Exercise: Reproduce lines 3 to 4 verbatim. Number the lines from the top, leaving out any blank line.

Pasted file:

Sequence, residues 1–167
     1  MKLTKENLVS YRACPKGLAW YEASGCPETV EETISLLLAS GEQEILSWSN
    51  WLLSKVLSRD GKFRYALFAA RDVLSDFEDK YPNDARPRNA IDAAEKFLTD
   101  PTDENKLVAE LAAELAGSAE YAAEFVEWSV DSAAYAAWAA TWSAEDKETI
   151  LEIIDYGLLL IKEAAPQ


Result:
    51  WLLSKVLSRD GKFRYALFAA RDVLSDFEDK YPNDARPRNA IDAAEKFLTD
   101  PTDENKLVAE LAAELAGSAE YAAEFVEWSV DSAAYAAWAA TWSAEDKETI